Environmental Exposure to Lead as a Risk for Prostate Cancer
- Benign prostate hyperplasia /
- Prostate cancer /
- ,Blood lead /
- Atomic Absorption Spectrophotometer
Abstract: Objective To evaluate the possible role of environmental exposure to lead as a risk factor for prostate pathology in patients suffering from prostate cancer (PCA) and benign prostate hyperplasia (BPH). Methods Blood lead (BPb) level was determined in PCA and BPH cases using a graphite furnace Atomic Absorption Spectrophotometer and compared with those in a control group living in the similar socioeconomic environment. Results BPb was significantly higher in PCA and BPH cases than in normals (P＜0.05). Blood levels of zinc and copper were significantly lower in PCA and BPH cases when compared with controls (P＜0.05). In all the three groups, a statistically significant positive correlation between lead and thiobarbituric acid reactive substances (TBARS) measured as malondialdehyde, and negative correlation between blood lead and antioxidant GSH level, indicative of possible generation of reactive oxygen species, were also observed after adjusting for age as a possible confounders. However, positive association between blood lead and TBARS was relatively higher in PCA patients (r=0.77, P＜0.05) than in BPH (r=0.32, P＜0.05) and normal (r=0.30, P＜0.05).Conclusion These results with limited power seem to suggest for the first time that environmental exposure of aging males to lead may be a risk factor for prostate cancer and/or benign prostate hyperplasia possibly through generation of reactive oxygen species and/or reducing the level of zinc which acts as a cellular growth protector.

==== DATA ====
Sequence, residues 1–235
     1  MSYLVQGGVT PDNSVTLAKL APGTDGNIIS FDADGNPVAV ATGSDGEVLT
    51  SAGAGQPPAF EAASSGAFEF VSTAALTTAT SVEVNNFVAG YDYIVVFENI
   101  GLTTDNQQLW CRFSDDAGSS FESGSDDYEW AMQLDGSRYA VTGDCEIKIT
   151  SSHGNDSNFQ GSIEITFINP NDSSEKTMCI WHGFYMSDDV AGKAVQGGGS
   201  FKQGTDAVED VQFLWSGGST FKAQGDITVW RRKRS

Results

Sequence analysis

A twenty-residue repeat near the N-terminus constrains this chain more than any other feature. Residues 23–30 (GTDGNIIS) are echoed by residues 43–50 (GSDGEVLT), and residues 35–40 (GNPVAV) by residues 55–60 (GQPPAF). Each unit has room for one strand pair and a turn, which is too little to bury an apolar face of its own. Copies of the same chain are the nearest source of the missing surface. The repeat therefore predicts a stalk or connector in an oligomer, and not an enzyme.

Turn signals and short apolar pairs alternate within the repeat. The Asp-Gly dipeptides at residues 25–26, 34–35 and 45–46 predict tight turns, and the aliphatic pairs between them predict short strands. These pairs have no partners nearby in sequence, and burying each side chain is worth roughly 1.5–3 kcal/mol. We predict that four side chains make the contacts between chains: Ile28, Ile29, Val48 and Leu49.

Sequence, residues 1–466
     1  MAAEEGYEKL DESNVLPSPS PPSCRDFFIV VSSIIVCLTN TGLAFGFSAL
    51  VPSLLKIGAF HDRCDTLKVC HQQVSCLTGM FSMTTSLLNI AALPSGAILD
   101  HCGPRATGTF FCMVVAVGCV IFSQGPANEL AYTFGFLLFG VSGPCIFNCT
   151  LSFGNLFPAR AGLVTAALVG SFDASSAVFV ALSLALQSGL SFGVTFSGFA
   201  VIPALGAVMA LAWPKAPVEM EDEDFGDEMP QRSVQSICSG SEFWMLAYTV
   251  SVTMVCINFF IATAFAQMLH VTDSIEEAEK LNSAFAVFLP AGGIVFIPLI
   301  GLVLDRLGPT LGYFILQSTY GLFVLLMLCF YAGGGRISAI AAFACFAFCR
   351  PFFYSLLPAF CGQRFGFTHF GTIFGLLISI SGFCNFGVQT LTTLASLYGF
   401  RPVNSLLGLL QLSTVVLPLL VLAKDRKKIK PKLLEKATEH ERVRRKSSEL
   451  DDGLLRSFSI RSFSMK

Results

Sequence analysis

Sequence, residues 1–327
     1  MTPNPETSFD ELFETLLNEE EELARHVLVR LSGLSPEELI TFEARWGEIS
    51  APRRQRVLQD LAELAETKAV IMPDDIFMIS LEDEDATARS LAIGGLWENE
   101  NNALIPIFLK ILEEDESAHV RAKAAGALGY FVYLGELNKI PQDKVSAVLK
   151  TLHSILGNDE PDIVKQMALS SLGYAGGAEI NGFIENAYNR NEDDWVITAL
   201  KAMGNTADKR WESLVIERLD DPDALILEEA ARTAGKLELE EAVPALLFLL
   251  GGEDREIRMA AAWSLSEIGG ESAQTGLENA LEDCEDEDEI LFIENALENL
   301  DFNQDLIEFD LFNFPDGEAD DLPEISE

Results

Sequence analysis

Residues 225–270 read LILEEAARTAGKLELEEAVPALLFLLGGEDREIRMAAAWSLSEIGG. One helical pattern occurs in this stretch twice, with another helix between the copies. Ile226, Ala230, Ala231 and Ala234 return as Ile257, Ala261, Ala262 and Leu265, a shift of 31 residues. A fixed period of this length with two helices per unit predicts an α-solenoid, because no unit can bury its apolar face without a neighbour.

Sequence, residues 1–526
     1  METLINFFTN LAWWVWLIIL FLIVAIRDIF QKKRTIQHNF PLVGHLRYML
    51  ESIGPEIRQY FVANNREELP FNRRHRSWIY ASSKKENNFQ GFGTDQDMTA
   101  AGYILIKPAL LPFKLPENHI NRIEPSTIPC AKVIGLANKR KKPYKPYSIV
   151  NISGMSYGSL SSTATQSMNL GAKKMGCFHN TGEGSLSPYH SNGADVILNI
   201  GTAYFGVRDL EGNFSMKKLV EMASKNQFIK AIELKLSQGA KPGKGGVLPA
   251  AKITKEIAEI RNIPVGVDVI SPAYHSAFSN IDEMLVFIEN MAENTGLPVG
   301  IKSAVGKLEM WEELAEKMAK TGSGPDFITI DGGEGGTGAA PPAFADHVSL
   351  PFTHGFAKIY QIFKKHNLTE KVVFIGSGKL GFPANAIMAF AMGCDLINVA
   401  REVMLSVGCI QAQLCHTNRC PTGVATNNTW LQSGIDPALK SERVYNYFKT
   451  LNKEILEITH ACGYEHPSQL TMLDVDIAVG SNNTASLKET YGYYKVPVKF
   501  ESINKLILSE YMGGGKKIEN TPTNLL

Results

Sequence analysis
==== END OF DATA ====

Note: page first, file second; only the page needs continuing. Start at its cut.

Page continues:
|Citation:||M.K.J.SIDDIQUI, S.SRIVASTAVA, P.K.MEHROTRA. Environmental Exposure to Lead as a Risk for Prostate Cancer[J]. Biomedical and Environmental Sciences, 2002, 15(4): 298-305.|